Read time 4 min
Advanced economies are dynamic, increasingly automated environments of digitalised human interaction. Our technical progression sparkles innovation from schools, basements and corporations. The downside? Increased environmental noise, burdening our senses. Our attentions require filtering.
Immaterial cloud and streaming experiences of entertainment, lifestyle and business are changing foundations of societies. Generations and ways of experiencing life are colliding through consumption of technology. From mobile to wearable computing, our ability to focus on physical environments is diminishing. Screens require attention. Instead of buzzing beeps and alerts, information can, however, be perceived more easily. Through glances instead of concentration. Subtly and gently. Even instinctively, subconsciously.
So, what’s stopping us? Featurism. More is more is an ingrained misconception among traditional management cultures, where communicators cherish quantity over clarity. More fuel is poured into the fire by startups. Keeping up with the pace of worldwide innovation requires speed. Consequently, today, quality has gotten a new purpose.
Let’s clarify some fundamentals.
Consistency is a journey of continuous change
Realise and embrace the following. Brands aren’t visual representations, things or software. Brands are individual experiences based on touchpoints between businesses and consumers. Or, practically put: brands are strategies resulting in associations and, at their best, beliefs.
“A brand is a person’s gut feeling about a product, service, or organisation.” – Marty Neumeier
Captivating, creative expressions of large lifestyle-driven businesses are enrichments. However, the majority of todays customer touchpoints are digital. Crossing over fixed value propositions to digital interaction is therefore a doomed cruise. Digital service-oriented brands are based on changing user behaviour patterns. Consistent digital storytelling requires continuous iteration and validation according to proven customer needs. Depending on size and context, successful digital brands are therefore agile or lean, parallely collaborating with digital product engineering. Fixed strategies and continuous change, the essence of human-computer interaction, don’t match.
“The designed world behaves more like Darwin’s living organisms than Newton’s physical objects.” – Tim Brown
Consequently, new methodologies are inevitable. Modern brand books reflect tested components of brand strategies developing into patterns – in other words, into adaptable business. They’re code-based, adjustable and continuously evolving. Nothing is pinned down permanently.
In order to be heard, strive to achieve clarity
Our ongoing digital information age is democratic and free. But, most significantly, it exists through data, instead of steel or electricity. Customer touchpoints are encountered on massive scales. The craft of service business has never been busier. Remember, every single customer encounter counts! Excellence among the digital phase requires quality of a different kind.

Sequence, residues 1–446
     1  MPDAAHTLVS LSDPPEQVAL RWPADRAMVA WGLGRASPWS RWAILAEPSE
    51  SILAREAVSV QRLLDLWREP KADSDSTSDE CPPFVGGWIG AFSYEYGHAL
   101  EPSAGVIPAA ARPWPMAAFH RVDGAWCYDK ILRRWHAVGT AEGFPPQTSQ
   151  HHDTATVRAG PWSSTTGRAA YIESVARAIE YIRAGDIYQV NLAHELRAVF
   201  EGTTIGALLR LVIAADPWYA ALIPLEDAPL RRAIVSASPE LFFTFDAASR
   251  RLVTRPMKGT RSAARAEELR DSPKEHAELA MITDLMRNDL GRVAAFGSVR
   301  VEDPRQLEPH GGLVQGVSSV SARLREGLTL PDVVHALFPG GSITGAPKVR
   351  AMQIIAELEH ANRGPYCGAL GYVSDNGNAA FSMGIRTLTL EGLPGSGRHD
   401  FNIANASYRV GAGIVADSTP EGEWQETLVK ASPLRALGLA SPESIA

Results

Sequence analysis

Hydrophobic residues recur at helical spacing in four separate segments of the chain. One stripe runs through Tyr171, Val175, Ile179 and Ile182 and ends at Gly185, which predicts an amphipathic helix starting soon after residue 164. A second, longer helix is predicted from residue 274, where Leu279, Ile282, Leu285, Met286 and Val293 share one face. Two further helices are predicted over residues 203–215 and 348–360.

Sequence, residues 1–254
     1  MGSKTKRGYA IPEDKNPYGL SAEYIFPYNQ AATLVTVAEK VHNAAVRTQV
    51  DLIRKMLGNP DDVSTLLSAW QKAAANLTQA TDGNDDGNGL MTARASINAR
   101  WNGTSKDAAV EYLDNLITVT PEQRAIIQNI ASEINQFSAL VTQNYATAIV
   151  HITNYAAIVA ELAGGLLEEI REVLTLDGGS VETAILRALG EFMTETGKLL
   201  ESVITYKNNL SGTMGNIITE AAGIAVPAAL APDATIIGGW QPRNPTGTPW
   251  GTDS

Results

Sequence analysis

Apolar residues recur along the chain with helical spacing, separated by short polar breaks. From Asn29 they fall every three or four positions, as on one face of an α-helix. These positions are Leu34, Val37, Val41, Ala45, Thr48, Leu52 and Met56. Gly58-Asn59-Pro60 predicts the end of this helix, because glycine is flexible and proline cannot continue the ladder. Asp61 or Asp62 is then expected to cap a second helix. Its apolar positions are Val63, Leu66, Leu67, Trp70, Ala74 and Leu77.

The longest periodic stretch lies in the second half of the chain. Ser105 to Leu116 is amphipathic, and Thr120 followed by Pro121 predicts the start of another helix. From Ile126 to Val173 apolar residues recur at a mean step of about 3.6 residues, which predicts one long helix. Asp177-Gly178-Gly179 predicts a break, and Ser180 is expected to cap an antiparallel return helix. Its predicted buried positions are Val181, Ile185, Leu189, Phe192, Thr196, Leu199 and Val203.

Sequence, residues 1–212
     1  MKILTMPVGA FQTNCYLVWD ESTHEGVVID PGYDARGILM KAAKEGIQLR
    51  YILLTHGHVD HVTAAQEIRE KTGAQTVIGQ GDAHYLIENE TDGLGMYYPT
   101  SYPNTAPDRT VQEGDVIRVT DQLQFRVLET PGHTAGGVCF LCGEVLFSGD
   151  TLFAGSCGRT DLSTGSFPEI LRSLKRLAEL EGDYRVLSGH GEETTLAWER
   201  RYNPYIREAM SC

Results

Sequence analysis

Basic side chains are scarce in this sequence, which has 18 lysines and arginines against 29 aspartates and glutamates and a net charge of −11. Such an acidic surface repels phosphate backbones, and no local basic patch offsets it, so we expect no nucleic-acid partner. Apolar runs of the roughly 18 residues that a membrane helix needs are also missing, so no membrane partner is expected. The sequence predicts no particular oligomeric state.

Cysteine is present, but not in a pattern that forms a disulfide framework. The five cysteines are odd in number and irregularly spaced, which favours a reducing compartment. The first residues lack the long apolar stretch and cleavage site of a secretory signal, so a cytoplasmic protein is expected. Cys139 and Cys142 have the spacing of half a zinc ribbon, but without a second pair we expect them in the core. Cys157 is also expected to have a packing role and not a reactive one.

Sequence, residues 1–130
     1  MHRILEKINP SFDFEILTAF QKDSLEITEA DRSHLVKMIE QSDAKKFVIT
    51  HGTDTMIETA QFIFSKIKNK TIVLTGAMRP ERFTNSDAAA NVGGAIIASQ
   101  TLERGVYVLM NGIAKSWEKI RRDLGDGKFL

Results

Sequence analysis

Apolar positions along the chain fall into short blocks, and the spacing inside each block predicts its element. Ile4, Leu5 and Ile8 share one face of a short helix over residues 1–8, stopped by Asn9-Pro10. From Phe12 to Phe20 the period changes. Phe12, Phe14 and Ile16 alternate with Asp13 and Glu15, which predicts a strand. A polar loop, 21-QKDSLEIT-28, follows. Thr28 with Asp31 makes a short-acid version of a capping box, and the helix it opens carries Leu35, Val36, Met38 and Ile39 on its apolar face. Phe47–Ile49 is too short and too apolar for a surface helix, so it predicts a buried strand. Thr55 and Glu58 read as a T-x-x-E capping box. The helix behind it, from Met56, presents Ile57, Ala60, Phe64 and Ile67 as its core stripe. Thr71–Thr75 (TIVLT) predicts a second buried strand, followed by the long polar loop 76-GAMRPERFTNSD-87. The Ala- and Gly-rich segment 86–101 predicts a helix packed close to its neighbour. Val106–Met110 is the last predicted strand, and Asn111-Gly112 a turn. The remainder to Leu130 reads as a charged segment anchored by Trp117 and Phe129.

“The art of reduction is cutting away what is not essential, and adding detail to what is.” – Oliver Reichenstein
Modern quality excludes ambient noise, making you stop, embracing the moment. Reduce complexity by absolute detail care to achieve not simplicity, but unconscious clarity – then, foster it. Consistently validated storytelling and communicative clarity go hand in hand. People will recognise businesses with user experience as their strategic driver. Modern quality is obvious. Brands are sums of their latest customer interactions.
When using successful service-oriented digital brands, I usually recognise a handful of similarities:
- They’re a part of life without interrupting it. They don’t feel like software. Complexity of technology is hidden by a well designed experience.
- More than just excellent user experiences, they’re like personalities, expressed through a unified tone of visual language and voice.
- Their quality is comprehensive, making them self-explanatory. In other words: they’re intuitive.
These products are constructed upon profound pragmatic knowhow of classical information conception, merged into todays realities of service design. They’re distinctive, without substitutes.
Digital progression has a tendency to leave human understanding behind, making its consequences hard to grasp. Problems with unsuccessful modern businesses are usually located in technology. Our brains are extremely good at recognising differences in user experience patterns. We’re highly sensitive to inconsistency. When a service is used with minimum cognitive effort, it becomes intuitive. These services are the ones rising above environmental noise.
Digital interaction design is, therefore, business design: journeys where brand promises are earned and made. To avoid mental waste, future user experiences ought to be increasingly obvious. Ubiquitous computing is an opportunity. Let’s give it some quality instead of sheer pace.
Photo from here.
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